One of my favorite movie sagas of all time featured a quartet of supernatural apparition fighters, known as the Ghostbusters. Starring funny men Bill Murray and Dan Aykroyd, the late Harold Ramis, and Ernie Hudson, Ghostbusters was a science fiction comedy about a group of scientists who started a business of ridding New York City of ghosts.

The movie became a cultural phenomenon with a wave of merchandise and paraphernalia, and the success that the 1984 movie had spawned off a sequel five years later. I, myself, had the Ghostbusters action figures, the Ecto-1 car, and the firehouse where they stored and disposed the ghosts that they captured — all of which I later sold at a garage sale for probably far less than I could have gotten.

We currently are living in a world where Hollywood is running out of original film ideas and has taken to making sequels from movies more than a decade or two ago. Some examples include the 2008 release of Indiana Jones and the Kingdom of the Crystal Skull (the fourth installment of the Indiana Jones series which came out nearly 20 years after the third movie); Live Free or Die Hard (2007) and A Good Day to Die Hard (2013), the fourth and fifth movies of the Die Hard series, which came out more than decade after the third movie; and Jurassic World, set to release sometime in 2015, 14 years after the third installment of the Jurassic Park series.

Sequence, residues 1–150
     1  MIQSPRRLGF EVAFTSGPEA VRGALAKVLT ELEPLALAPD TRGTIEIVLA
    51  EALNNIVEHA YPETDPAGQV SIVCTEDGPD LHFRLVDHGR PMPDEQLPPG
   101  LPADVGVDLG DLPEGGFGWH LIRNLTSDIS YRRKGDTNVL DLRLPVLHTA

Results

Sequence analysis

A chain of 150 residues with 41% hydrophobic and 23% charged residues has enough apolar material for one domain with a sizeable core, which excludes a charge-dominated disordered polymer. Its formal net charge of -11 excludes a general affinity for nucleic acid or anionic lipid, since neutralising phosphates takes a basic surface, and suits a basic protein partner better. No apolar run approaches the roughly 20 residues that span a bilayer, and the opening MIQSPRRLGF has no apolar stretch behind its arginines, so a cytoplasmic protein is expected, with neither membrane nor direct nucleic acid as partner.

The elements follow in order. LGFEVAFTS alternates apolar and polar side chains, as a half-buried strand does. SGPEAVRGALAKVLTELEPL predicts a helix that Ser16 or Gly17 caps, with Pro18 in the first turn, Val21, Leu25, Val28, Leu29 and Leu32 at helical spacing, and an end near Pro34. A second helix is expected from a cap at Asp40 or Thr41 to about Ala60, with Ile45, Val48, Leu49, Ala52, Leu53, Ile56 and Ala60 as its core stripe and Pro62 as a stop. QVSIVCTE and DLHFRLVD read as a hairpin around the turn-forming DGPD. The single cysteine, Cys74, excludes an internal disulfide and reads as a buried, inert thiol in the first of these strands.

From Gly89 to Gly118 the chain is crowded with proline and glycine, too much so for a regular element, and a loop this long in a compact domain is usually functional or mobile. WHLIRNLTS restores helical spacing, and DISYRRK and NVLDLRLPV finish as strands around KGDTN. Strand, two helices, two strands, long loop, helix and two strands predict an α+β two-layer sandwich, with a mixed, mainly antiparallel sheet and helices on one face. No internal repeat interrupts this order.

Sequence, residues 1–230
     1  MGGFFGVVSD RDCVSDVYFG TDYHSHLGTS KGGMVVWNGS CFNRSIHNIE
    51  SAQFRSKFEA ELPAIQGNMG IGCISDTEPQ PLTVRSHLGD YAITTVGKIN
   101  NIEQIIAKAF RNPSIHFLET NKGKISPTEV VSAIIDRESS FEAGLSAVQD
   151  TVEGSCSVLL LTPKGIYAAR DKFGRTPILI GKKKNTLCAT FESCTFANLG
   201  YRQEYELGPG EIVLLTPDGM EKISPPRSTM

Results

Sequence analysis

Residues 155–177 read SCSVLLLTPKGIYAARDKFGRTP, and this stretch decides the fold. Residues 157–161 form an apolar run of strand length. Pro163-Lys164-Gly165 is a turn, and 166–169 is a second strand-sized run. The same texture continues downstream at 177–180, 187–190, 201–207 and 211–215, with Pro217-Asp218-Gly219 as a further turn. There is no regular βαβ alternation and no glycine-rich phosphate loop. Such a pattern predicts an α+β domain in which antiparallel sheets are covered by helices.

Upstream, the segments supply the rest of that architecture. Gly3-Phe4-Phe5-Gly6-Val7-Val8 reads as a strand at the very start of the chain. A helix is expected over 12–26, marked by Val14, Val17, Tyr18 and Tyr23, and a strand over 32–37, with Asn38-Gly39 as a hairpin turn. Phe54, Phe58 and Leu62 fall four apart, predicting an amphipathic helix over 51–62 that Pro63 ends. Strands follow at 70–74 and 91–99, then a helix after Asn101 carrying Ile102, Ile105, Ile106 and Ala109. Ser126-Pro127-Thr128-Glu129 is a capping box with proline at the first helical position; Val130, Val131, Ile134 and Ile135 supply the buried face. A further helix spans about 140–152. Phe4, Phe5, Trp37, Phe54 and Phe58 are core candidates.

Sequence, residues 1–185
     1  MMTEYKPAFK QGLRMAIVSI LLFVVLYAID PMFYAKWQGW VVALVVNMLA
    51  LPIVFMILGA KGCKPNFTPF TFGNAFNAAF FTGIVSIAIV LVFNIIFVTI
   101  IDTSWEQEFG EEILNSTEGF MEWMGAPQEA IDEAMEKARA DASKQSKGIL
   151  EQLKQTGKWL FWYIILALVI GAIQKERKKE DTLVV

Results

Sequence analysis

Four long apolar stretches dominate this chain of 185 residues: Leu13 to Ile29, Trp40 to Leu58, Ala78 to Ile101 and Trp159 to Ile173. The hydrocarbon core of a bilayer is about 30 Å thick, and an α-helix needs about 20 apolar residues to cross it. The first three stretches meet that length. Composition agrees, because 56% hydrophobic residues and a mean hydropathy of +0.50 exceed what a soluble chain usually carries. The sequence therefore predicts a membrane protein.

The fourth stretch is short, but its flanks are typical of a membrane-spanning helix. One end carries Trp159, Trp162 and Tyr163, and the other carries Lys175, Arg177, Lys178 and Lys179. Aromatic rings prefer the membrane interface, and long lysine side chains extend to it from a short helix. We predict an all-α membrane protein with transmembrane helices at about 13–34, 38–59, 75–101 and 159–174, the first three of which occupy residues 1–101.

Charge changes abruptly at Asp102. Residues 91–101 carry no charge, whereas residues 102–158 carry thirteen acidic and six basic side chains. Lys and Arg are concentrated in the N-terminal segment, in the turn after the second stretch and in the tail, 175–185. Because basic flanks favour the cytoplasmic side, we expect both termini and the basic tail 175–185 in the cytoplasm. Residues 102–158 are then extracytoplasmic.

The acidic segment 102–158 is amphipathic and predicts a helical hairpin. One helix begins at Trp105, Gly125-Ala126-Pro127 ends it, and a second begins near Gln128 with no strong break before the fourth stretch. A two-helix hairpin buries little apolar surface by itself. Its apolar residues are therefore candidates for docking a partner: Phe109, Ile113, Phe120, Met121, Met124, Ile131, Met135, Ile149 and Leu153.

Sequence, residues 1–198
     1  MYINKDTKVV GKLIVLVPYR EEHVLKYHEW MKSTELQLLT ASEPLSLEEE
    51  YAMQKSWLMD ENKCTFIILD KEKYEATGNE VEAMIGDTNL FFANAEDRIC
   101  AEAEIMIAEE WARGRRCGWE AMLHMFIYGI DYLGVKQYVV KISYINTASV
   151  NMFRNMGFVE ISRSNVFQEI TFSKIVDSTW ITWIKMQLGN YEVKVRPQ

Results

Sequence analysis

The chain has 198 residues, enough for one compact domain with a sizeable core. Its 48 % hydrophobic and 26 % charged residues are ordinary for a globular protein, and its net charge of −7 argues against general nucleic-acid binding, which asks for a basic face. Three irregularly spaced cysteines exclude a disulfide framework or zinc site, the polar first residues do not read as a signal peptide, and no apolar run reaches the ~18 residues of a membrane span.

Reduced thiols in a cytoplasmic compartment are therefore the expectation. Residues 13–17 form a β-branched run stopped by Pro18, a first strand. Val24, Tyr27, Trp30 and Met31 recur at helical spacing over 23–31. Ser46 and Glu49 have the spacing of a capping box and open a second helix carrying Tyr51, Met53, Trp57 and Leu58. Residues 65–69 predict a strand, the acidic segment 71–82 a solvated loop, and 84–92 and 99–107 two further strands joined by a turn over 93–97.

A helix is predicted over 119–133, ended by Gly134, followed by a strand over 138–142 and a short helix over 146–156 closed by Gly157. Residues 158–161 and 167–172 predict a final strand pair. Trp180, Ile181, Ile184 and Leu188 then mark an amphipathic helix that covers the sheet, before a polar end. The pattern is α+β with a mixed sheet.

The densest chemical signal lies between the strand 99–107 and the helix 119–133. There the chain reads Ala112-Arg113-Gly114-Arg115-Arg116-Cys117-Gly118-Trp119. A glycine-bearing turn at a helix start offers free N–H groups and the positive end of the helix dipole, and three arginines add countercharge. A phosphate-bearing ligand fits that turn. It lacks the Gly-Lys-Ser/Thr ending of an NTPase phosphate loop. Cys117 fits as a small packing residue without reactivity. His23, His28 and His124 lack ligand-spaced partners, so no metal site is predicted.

I have no problem with movie sequels. In fact, some of my favorite movies are a part of a trilogy or series, because I love stories and epic sagas and I like to see the same characters I know and love become part of more complex and elaborate story lines. I know that sequels rarely — if ever — are better than their originals, but that doesn’t stop me from enjoying the plots.

However, there are certain movie series that lose my interest and those are ones in which the cast is dramatically different from one movie to the next. Home Alone and Home Alone 2 were great movies and are still a part of my Christmas movie watching. However, the third and fourth installments of the movie series came out, but gone was Macaulay Culkin and his family. No thanks. Other such series include Revenge of the Nerds, The Cutting Edge, Urban Legend, Problem Child, Major League, The Karate Kid, and many more. All of these series include at least one movie — sometimes two or more — with a different core cast, leaving you feeling disconnected from the story.

This feeling of discontinuity is one reason why I was disconcerted to hear that the third installment of the Ghostbusters series will feature four women as the spirit chasers. Obviously, with Ramis passing away last year and the rest of the Ghostbusters getting up there in age, an additional sequel featuring the same core cast was impossible to do.

The new Ghostbusters, reportedly, will be played by Kristen Wiig, Melissa McCarthy, Kate McKinnon, and Leslie Jones. Wiig and McCarthy teamed up in Bridesmaids, a hilarious movie in its own right, while McKinnon and Jones are from Saturday Night Live fame.

I have no doubts that there will be funny moments in this movie. McCarthy’s buffoonish personality, Jones’ history as a stand-up comic, McKinnon’s work on SNL and Wiig’s versatility will certainly give the scriptwriters — one of whom is former Ghostbuster, Aykroyd — a lot of possibilities. And I also believe that as a standalone movie, this could have promise.

But as part of a trilogy with a big change in cast, it loses a lot of its sentimentality and will have an almost-impossible standard to live up to.